Do-No-Evil Saturday: Novell Gets a Linux Deal with FileEngine (Updated)

Posted in Deals, GNU/Linux, Novell, Servers, SLES/SLED at 9:02 pm by Dr. Roy Schestowitz

As indicated in last week’s post, every Saturday we’ll strive to cover (or at least mention) a story which praises Novell rather than criticise it. This week we have a truly Linux-oriented deal, courtesy of Novell.

The award winning FileEngine small business server adopts Novell’s SUSE Linux Enterprise Server Operating System.

Nowhere in the press release do we find “interoperability” or “intellectual property”, which is an encouraging and refreshing change.

Updated: here is another case of technical (visual) progress from the Opensuse team. It is a mockup of an animated bootstrap screen [Large GIF warning].

“***” means the *** and ***, equivalent offerings and any offerings marketed as “***”.

Posted in Deals, Deception, Microsoft, Novell, OpenOffice, Patent Covenant, Samba at 4:58 pm by Shane Coyle

Unfortunately, the title of this posting is indicative of the what you will find if you want to have a look at Exhibit B of the Microvell deal, the "payments" section – the one that would likely list which open source products shipped under the agreement Novell agreed to pay Microsoft royalties on, and perhaps even why.

Actually, exhibit C is even worse, as a matter of fact Exhibit C is as follows:


*** Portion for which confidential treatment requested.

From the non-redacted portions of the agreement, we finally learn about what a "clone product" is, and then we notice that, as Bruce Perens had noted early on after the agreement’s release, OpenOffice.org, StarOffice, OpenXchange and Wine are specifically excluded from the protection, but it also stipulates that Novell is not conceding that these are indeed "clone products".

1.7 “Clone Product” means a product (or major component thereof) of a Party that has the same or substantially the same features and functionality as a then-existing product (or major component thereof) of the other Party (“Prior Product”) and that (a) has the same or substantially the same user interface, or (b) implements all or substantially all of the Application Programming Interfaces of the Prior Product. Those portions of a product that are otherwise licensed to one Party from the other Party, or that are compliant with a specification of a standards organization as to which the other Party has consented to the use of its Patents therefor, shall not be considered in determining whether the product is a Clone Product.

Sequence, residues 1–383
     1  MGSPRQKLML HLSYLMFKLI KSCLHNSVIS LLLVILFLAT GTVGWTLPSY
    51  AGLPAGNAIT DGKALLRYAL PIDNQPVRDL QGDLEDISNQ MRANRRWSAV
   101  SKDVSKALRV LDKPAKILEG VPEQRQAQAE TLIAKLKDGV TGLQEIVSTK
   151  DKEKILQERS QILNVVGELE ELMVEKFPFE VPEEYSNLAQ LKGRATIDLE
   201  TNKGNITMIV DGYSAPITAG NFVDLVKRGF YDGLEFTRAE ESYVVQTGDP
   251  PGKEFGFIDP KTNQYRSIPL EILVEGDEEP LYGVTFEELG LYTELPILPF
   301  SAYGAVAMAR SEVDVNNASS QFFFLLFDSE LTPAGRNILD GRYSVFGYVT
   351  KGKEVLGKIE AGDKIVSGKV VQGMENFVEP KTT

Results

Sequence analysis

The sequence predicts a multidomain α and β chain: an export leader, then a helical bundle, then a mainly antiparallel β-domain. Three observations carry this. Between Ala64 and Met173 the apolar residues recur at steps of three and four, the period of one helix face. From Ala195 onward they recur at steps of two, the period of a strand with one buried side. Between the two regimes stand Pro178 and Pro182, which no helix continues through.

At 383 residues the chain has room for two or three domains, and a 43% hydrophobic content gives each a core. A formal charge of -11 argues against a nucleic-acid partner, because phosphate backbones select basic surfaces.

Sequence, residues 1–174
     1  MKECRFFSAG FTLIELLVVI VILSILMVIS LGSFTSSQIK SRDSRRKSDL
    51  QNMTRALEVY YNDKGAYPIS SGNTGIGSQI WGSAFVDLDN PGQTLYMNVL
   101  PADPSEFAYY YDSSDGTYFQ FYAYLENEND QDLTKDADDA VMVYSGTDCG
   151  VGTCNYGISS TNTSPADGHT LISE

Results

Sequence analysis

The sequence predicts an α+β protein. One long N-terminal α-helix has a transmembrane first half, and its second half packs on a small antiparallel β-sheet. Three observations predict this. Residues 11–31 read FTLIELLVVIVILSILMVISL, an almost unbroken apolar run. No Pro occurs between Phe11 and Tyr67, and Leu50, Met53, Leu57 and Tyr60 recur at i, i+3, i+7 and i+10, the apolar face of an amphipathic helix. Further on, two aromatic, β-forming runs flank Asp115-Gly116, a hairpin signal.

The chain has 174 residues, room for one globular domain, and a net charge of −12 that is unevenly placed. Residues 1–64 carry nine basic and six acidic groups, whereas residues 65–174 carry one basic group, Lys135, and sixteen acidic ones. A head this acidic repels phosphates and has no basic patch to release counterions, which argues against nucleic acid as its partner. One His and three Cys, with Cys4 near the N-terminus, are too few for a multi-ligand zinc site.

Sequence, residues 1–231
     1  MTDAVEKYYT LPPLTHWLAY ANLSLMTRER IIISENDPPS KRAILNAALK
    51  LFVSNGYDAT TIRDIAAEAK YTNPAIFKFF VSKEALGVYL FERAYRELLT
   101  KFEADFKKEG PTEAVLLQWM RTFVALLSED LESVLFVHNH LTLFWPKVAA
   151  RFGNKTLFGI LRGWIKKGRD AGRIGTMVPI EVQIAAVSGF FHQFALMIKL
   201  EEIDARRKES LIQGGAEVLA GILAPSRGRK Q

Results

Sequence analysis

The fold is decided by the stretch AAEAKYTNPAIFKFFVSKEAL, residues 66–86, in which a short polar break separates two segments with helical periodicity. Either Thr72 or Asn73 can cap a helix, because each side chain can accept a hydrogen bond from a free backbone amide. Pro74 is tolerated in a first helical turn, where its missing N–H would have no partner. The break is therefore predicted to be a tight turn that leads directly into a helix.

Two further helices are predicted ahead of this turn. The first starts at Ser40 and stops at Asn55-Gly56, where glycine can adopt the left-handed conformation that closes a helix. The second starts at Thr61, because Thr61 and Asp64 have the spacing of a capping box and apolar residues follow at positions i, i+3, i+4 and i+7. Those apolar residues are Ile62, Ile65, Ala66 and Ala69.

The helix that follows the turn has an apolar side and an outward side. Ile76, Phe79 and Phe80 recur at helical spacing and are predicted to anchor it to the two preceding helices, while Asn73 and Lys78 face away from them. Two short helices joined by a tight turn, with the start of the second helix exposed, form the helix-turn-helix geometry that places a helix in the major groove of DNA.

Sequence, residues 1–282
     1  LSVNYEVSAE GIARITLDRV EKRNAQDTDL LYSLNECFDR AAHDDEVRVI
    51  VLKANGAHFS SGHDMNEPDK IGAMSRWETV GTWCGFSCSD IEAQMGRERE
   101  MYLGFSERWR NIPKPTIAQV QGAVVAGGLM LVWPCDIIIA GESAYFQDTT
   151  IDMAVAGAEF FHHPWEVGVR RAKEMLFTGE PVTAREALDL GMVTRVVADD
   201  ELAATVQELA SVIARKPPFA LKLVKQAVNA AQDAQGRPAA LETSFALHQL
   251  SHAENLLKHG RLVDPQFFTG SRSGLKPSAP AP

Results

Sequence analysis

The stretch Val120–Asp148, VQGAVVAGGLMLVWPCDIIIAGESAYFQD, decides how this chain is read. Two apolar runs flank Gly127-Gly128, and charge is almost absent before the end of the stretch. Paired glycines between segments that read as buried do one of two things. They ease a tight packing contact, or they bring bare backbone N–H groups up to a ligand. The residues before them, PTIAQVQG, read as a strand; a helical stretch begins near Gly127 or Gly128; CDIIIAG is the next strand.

(i) The Parties agree that products sold, licensed, supplied, distributed or otherwise made available by a Party for Revenue before the Effective Date (“Existing Products”) will not be deemed Clone Products. For purposes of clarification, the parties acknowledge that any features and functionality of such Existing Products (“Existing Product Functionality”) may be considered in determining whether a new product (or major component thereof) meets the requirements set forth in the first paragraph of this definition, provided that, even if a new product (or major component thereof) meets such requirements, only those Patents covering inventions in new features and functionality in such Clone Product may be asserted against such Clone Product, and only with regard to Clone Product Functionality. For purposes of this subsection (i), “Clone Product Functionality” means features or functionality (other than Existing Product Functionality) that add to meeting the requirements set forth in the first paragraph of this definition.